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      GameDev.net and CRC Press have teamed up to bring a free ebook of content curated from top titles published by CRC Press. The freebook, Practices of Game Design & Indie Game Marketing, includes chapters from The Art of Game Design: A Book of Lenses, A Practical Guide to Indie Game Marketing, and An Architectural Approach to Level Design. The GameDev.net FreeBook is relevant to game designers, developers, and those interested in learning more about the challenges in game development. We know game development can be a tough discipline and business, so we picked several chapters from CRC Press titles that we thought would be of interest to you, the GameDev.net audience, in your journey to design, develop, and market your next game. The free ebook is available through CRC Press by clicking here. The Curated Books The Art of Game Design: A Book of Lenses, Second Edition, by Jesse Schell Presents 100+ sets of questions, or different lenses, for viewing a game’s design, encompassing diverse fields such as psychology, architecture, music, film, software engineering, theme park design, mathematics, anthropology, and more. Written by one of the world's top game designers, this book describes the deepest and most fundamental principles of game design, demonstrating how tactics used in board, card, and athletic games also work in video games. It provides practical instruction on creating world-class games that will be played again and again. View it here. A Practical Guide to Indie Game Marketing, by Joel Dreskin Marketing is an essential but too frequently overlooked or minimized component of the release plan for indie games. A Practical Guide to Indie Game Marketing provides you with the tools needed to build visibility and sell your indie games. With special focus on those developers with small budgets and limited staff and resources, this book is packed with tangible recommendations and techniques that you can put to use immediately. As a seasoned professional of the indie game arena, author Joel Dreskin gives you insight into practical, real-world experiences of marketing numerous successful games and also provides stories of the failures. View it here. An Architectural Approach to Level Design This is one of the first books to integrate architectural and spatial design theory with the field of level design. The book presents architectural techniques and theories for level designers to use in their own work. It connects architecture and level design in different ways that address the practical elements of how designers construct space and the experiential elements of how and why humans interact with this space. Throughout the text, readers learn skills for spatial layout, evoking emotion through gamespaces, and creating better levels through architectural theory. View it here. Learn more and download the ebook by clicking here. Did you know? GameDev.net and CRC Press also recently teamed up to bring GDNet+ Members up to a 20% discount on all CRC Press books. Learn more about this and other benefits here.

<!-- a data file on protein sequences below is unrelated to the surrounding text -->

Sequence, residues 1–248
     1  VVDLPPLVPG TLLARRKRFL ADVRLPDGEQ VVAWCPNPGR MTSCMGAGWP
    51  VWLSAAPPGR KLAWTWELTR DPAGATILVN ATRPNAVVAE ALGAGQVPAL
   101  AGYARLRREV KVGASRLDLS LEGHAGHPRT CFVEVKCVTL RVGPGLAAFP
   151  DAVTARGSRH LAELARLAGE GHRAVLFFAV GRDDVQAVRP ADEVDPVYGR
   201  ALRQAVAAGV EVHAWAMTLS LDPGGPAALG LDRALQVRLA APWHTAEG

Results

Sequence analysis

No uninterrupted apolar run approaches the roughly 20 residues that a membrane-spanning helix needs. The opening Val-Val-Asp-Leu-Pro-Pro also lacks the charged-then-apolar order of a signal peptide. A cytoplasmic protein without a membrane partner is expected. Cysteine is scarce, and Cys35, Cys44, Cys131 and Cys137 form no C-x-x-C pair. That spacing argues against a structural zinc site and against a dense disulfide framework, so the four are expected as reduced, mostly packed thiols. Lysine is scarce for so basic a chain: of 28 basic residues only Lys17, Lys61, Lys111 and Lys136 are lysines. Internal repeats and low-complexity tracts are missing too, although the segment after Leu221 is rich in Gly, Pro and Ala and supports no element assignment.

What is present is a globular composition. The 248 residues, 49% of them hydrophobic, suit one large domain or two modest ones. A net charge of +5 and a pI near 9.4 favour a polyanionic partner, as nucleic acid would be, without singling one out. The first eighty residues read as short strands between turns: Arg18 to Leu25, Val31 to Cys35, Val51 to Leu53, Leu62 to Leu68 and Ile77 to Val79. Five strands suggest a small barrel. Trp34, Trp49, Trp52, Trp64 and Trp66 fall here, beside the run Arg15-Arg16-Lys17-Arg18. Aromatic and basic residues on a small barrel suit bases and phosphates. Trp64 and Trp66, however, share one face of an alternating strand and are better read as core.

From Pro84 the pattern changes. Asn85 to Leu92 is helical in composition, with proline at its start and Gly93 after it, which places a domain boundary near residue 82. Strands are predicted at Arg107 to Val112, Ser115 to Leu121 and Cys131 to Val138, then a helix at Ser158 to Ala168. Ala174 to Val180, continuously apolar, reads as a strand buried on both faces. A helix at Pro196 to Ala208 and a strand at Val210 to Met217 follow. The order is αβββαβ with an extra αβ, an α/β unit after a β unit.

ZaneLi

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  1. Nice, I just checked the game. Some mechanics of it definitely worth learning. Although, making them work in 3D is really challenging considering the time and manpower I have.   Yes, thanks for your ideas. I was actually working on a design similar like that, and found the hard part is to make the AI work in this dynamic environment, and not sure about if putting all the effort in it will result in "equivalent fun" to the players. Perhaps more effort in the PVP mechanics will bring more fun in this type of game.   Thanks, I'll review my thoughts about giving that up, and put some more research time on making the world big and rich enough and see how it goes.